New publication in Optica: Generation of microjoule pulses in the deep ultraviolet at megahertz repetition rates
Ultraviolet (UV) laser pulses are an essential tool in many areas of science and technology, for applications like spectroscopy and femtosecond pump-probe measurements. Felix Köttig, Francesco Tani, Christian Martens Biersach, John Travers and Philip Russell from the Max Planck Institute for the Science of Light in Erlangen have now succeeded in generating wavelength-tunable UV laser pulses at high power by using a remarkable feature of optical solitons propagating in a gas-filled hollow-core photonic crystal fiber (PCF): the emission of so-called dispersive waves in the UV.
A standard way to generate UV laser pulses is by harmonic generation of near-infrared lasers in bulk crystals. With this approach, wavelength-tunability of the UV pulses requires complex wavelength-tunable pump lasers and high pump energies. As a result, most of these systems operate at maximum kilohertz repetition rate. Köttig et al. use a different approach: they make use of dispersive wave emission from self-compressed higher-order solitons. While a fundamental soliton is an electromagnetic wave that propagates in a medium without ever changing, higher-order solitons have the ability to self-compress during propagation, without any external optics.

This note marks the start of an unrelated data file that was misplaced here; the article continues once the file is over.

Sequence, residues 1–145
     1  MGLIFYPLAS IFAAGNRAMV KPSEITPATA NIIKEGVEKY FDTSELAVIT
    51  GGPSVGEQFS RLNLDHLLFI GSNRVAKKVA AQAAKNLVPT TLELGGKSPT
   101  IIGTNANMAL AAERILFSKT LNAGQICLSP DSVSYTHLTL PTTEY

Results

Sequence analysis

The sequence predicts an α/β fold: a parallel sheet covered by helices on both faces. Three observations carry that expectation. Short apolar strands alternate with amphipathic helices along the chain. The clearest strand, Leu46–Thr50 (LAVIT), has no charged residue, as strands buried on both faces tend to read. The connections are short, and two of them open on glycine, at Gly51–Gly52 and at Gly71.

In gas-filled hollow-core PCFs, it is straightforward to excite such higher-order solitons with microjoule-level pump energies. Upon propagation along the fiber, the spectrum of the self-compressed pulse reaches deep into the UV, where the soliton shakes off energy in the form of a dispersive wave. This UV emission can be tuned via the gas filling the fiber, within seconds and without realignment of the system. A key in this experiment was the use of one of the latest advancements in hollow-core PCF technology: the so-called single-ring PCF. This fiber provides exceptionally low loss and high power handling capabilities.
With only 20 μJ pump pulses from an ytterbium fiber laser, the system generated microjoule-level UV pulses at megahertz repetition rates and conversion efficiency up to 8%, making this approach accessible to laboratories around the world to perform next generation ultrafast UV pump-probe and spectroscopy experiments.